Friday, April 15, 2011

Keen Look at Benefactors

Daniel Jenkins, Vivienne Benesch, Deanne Lorette and Stephen Barker Turner in Benefactors.

I read Michael Frayn's Benefactors many years ago, and it had such an impact on me that I could still remember assorted lines as I watched the Keen Company's smart revival.

Monday, April 11, 2011

Heads Up

Anna Stromberg, standing, Mara Lileas, Sarah Roy and Jordan Tisdale.

The photo above could very easily give you the wrong impression about Bring Us the Head of Your Daughter, the latest provocative production from The Amoralists. Based on the visual, I would have pegged the show as a slight, playful campfest, and it's anything but. The bracing anarchist spirit that this East Village theater company has built its reputation on is very much alive.

At times author and director Derek Ahonen's reminds me of the work of a young Adam Rapp. Both have a knack for putting their characters into emotionally harrowing and brutally absurd situations. But Ahonen shows more refinement in the way he explores the destructional codependency of a lesbian couple and their 18-year-old daughter, who's wanted for murder and cannibalism.

Some animals eat their offspring, but in Daughter it's the reverse—metaphorically speaking, at least. Garance (Sarah Roy), who makes a late-inning entrance, has been accused of killing mothers, as her own two fall apart at home. Jackie (Anna Stromberg), the biological mother, is an alcoholic whose moods shift suddenly and violently from raging fury to weeping apology. She's perfectly paired with her wife, relationship junkie Contessa Springs (Mara Lileas). That Contessa never gets out of her pajamas during the three-day period over which the play is set speaks volumes about her. So does the understanding she bestows on her half-brother, Dexter (Jordan Tisdale), who raped her when she was a teenager and now comes face to face with her for the first time since then.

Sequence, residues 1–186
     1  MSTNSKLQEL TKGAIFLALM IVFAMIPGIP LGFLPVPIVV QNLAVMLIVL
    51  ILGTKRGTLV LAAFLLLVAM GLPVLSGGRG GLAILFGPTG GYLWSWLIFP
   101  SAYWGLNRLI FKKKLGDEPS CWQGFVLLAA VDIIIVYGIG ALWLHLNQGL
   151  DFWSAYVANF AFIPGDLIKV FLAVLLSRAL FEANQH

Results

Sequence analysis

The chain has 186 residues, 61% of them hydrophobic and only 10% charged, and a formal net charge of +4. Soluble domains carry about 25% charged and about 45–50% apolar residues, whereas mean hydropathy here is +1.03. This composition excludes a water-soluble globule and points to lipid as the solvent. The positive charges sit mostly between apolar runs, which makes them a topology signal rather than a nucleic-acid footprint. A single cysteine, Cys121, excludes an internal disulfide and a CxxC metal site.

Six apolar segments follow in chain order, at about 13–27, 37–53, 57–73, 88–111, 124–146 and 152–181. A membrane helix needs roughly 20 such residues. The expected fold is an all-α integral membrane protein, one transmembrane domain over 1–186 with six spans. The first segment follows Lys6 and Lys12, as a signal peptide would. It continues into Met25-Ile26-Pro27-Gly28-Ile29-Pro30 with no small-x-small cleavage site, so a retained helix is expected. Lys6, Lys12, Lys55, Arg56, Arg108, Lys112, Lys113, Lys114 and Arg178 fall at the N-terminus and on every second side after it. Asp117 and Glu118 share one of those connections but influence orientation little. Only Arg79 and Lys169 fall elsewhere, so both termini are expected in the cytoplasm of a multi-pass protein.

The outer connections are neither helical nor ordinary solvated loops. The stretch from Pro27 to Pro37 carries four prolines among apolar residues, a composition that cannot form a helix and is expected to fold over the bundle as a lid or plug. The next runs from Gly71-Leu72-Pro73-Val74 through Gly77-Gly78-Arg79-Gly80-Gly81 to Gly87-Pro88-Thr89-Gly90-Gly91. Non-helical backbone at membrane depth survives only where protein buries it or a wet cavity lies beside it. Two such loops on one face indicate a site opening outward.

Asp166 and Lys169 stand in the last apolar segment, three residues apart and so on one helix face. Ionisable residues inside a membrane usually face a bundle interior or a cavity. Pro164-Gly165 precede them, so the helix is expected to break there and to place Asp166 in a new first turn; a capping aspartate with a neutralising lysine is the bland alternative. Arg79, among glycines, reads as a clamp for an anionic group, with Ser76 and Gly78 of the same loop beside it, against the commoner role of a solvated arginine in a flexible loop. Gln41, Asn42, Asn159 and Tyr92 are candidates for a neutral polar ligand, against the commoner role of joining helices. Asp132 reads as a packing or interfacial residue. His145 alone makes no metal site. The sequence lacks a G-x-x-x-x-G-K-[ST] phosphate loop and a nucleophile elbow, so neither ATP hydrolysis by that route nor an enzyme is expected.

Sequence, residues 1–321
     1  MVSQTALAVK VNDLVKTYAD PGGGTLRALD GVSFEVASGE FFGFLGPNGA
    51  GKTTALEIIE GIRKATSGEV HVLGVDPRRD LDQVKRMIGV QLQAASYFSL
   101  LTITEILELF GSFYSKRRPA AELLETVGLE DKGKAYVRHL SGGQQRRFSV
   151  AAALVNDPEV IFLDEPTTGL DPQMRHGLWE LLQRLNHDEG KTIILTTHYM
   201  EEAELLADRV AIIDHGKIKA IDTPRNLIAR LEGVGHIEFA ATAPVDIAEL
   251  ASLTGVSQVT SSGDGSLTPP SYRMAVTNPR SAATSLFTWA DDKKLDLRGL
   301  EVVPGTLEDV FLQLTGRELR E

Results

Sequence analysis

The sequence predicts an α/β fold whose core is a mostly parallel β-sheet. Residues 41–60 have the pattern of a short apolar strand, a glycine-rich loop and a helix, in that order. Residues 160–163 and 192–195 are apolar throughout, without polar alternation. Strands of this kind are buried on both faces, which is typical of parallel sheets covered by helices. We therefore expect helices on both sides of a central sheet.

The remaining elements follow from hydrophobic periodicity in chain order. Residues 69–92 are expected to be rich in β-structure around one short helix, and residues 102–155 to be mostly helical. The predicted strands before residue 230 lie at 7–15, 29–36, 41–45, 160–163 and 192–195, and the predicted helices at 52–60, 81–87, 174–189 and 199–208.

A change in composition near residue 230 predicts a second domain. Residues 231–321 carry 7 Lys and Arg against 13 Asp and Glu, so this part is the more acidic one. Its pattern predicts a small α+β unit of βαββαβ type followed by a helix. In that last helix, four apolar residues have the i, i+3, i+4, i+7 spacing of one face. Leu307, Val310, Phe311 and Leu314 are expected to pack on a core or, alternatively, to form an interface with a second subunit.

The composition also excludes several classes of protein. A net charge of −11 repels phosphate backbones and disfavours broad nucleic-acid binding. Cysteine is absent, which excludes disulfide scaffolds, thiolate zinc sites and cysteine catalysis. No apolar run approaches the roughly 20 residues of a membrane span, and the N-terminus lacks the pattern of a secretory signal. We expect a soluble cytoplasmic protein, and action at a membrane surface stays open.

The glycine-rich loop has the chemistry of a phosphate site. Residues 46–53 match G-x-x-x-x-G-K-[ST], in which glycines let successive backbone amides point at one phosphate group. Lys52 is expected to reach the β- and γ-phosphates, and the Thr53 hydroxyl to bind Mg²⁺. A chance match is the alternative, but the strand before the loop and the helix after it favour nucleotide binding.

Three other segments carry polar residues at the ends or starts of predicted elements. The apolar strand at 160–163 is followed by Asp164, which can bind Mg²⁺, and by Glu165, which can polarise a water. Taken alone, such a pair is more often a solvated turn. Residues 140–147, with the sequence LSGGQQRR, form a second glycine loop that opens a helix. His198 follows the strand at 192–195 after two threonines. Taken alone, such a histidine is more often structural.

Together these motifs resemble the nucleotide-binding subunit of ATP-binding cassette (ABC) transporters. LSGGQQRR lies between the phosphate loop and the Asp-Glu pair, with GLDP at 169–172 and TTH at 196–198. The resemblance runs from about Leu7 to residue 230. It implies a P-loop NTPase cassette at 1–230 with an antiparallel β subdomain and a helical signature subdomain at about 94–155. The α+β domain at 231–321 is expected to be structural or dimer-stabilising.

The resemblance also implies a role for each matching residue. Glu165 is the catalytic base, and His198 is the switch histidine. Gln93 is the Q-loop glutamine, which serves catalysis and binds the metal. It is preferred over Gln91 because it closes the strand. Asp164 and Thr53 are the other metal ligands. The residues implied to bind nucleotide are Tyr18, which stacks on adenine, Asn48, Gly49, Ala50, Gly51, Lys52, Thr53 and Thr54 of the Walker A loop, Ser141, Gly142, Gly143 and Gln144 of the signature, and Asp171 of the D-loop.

Ahonen couldn't care less about political correctness as he explores the ways we indulge children, forgive those close to us too easily, or condemn them too harshly. Garance spews venom at Contessa but worships Jackie, and in the physical and emotional melee that ensues, all four characters try passive-aggressively and aggressive-aggressively to negotiate a settlement that they can live with, even if it's probably not the best choice for any of them. Early news releases listed Daughter's running time at 95 minutes, but it's actually closer to 110 minutes, with no intermission. Even with spells of comic relief, it's hard to watch so much destruction for so long, but it's also hard to look away from.

Friday, April 1, 2011

A Play-Filled Spring Season

Sara Topham, David Furr and Brian Bedford in Earnest.

The Broadway season is no longer a 12-month affair, or even a nine-month liaison. Aside from a smattering of shows that opened in the fall and winter, the overwhelming majority of Tony hopefuls have been crammed into the final two months of the 2010-11 season, as close to Tony Award time as possible.

Below are my thoughts on some of the first plays to hit Broadway in 2011, via links to my reviews and ranked in order of appeal:

The Importance of Being Earnest


Ghetto Klown

That Championship Season